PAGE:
Last week, an influential House of Commons committee announced serious concerns over Hafren Power’s proposed Severn barrage. It has been claimed that the facility could provide up to 5% of Britain’s electricity demand but critics warn that wildlife could be deeply affected. What does this mean for the future of tidal energy in the UK?
In theory, tidal energy offers huge potential for the UK’s power mix. Tides are incredibly predictable, more so than wind energy and solar power. But the sheer power contained in Britain’s seas come at a cost. The damage that seawater causes to materials and machinery makes maintenance an issue.
Tidal projects have always been difficult to fund, despite the fact that the UK has great locations for wave and tidal energy projects. The upfront cost of constructing these renewable energy projects has put many off. The other major downside to tidal barrages is the somewhat unpredictable ecological impact.
Peter Hain, former Welsh Secretary of State, has been a strong advocate of the Severn Barrage. Hain’s website states: ‘The barrage makes sense environmentally’. But is this really the case?
The current proposal is a 18km fixed tidal barrage across the Severn estuary. MPs on the energy and climate change parliamentary select committee have been examining the proposal. The report said that while a barrage might help tackle climate change, the environmental and economic case is not strong enough. The committee did however urge the Government to consider developing smaller tidal facilities.
Hafren Power responded to the report by saying ‘We believe the environmental and economic issues can be solved with everyone working together’. They claim that the Severn Barrage will protect against storm surges and save the UK billions in flooding costs. Critics, such as RSPB and WWF, fear that it will endanger the ecosystem, particularly birds and fish.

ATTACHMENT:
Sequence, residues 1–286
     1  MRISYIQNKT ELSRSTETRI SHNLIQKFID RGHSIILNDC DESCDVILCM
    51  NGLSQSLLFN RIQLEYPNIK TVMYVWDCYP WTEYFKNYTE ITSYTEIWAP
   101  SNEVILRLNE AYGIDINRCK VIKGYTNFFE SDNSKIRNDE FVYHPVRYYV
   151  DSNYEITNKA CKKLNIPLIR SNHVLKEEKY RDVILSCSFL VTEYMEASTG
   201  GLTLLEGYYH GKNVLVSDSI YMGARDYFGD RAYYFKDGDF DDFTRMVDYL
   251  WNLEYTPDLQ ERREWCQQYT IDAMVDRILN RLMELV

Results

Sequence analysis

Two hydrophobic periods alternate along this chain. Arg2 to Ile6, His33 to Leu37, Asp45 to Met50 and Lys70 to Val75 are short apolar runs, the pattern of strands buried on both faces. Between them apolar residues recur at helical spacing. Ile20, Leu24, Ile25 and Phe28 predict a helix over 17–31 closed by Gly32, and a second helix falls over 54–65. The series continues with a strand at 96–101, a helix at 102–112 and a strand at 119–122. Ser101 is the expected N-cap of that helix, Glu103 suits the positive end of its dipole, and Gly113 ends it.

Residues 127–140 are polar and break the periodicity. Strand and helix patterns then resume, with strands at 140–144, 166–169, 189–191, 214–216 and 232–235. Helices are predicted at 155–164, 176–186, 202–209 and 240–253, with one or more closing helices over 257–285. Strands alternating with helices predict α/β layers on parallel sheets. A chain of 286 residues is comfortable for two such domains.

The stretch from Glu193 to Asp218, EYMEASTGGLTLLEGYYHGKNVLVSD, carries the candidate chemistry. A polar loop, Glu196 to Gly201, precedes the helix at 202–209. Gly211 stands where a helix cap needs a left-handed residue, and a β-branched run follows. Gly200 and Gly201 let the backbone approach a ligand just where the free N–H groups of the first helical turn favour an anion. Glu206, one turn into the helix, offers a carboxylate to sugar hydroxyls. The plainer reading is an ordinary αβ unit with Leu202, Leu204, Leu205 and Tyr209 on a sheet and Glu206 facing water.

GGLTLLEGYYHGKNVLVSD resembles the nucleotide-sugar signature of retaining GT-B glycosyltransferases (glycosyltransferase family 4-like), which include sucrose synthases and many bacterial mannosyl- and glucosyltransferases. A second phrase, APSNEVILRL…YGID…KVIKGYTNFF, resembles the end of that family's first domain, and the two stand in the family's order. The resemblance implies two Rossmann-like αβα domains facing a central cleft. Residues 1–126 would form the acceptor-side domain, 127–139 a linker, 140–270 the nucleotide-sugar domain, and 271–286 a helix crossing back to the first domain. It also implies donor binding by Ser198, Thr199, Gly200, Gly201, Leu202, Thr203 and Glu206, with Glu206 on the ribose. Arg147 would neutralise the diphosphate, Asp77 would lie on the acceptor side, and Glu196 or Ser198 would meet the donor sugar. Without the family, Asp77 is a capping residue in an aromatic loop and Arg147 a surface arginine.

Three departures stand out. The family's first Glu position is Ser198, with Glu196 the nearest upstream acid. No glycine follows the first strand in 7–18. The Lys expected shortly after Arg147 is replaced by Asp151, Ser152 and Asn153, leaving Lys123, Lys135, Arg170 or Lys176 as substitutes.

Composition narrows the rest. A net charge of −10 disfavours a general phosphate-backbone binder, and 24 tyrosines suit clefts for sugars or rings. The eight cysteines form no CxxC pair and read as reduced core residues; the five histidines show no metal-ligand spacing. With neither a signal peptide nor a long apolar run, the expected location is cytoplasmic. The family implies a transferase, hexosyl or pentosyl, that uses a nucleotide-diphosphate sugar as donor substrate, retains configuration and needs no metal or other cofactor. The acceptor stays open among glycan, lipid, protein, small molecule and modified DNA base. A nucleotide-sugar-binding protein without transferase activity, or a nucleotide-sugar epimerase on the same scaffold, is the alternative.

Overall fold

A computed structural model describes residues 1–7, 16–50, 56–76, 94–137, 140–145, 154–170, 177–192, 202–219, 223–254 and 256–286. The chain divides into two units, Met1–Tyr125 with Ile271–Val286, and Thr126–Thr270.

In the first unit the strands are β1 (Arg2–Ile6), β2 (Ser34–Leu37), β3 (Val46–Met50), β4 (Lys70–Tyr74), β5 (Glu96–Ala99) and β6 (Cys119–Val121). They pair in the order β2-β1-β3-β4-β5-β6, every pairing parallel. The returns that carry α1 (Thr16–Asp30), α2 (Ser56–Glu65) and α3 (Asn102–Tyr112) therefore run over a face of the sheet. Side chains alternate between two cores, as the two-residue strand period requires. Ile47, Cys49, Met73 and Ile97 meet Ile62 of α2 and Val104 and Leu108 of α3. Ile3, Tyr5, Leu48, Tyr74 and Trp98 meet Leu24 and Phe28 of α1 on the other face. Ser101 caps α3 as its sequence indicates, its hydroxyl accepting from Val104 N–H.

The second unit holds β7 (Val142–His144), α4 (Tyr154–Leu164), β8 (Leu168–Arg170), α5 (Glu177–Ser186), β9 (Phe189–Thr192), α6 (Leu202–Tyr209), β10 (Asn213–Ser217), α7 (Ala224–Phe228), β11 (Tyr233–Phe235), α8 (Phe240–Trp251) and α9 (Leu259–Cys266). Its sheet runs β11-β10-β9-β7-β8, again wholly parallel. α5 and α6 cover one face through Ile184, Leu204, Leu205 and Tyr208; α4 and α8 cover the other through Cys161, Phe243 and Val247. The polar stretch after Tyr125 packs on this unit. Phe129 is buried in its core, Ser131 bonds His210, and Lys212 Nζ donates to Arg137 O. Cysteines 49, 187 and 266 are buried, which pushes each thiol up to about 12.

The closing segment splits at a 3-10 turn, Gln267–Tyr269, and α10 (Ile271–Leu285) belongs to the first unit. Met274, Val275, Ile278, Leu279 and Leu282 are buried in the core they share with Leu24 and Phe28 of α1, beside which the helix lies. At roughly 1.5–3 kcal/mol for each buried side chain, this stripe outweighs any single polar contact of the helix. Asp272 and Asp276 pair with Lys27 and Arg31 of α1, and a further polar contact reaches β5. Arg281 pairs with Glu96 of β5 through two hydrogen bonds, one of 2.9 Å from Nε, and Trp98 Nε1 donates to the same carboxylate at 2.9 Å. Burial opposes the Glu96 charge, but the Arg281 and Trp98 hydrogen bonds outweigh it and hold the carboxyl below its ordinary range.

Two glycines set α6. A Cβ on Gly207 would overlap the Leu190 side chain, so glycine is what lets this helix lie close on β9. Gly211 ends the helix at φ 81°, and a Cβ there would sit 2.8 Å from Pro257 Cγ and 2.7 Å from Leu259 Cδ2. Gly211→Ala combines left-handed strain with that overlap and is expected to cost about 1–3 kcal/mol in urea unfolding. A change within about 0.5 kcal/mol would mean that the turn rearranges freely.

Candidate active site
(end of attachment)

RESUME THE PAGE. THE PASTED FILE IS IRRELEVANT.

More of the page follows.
Peter Hain claims ‘the Rance Barrage in France suggests that there would be a significant increase in faunal abundance and biodiversity. The barrage would slow down the fearsome Severn tide, introducing more light and oxygen and therefore improving the water quality, attracting more fish which will support greater and more diverse birdlife.’
The Rance Barrage is one of the biggest tidal power stations in the world. Development costs were extremely high but these have now been recovered and it produces around 600 GWh a year.
Research shows that the dam has clearly modified the currents of the estuary and caused progressive silting. Sand-eels and plaice have all but disappeared, though sea bass and cuttlefish have returned. There have been large changes to the aquatic ecosystem of the Rance estuary but it continues to be varied.
So what about alternative schemes in the UK?
The Swansea Bay tidal lagoon is one such project. An ambitious tidal power station, it is seeking £10m of funding from the public. The scheme claims it could power 107,000 homes and generate 250MW of renewable energy. Small-scale investors have being offered a 55% stake in the company.
Traditional barrage designs consist of two different types. Ebb generation allows water to fill an enclosed area until full tide. Once the sea level has fallen enough, to create sufficient head, turbines generate power from the water leaving the enclosed area. Two-way generation allows water to flow through the turbines as the tide goes in and out. This energy produced is usually less than ebb generation but electricity is produced over a longer period.
The Zero Carbon Britain report recommends that tidal and hydro should supply 4% of the UK’s energy.
Tidal energy is still in its infancy compared with wind and solar, which have a proven track record. But with the crown estate investing £20m in the UK’s wave and tidal energy, this industry could soon begin to contribute. Ongoing advances in designs like SeaGen and VIVACE mean that the UK could be on the crest of a new wave of possibilities.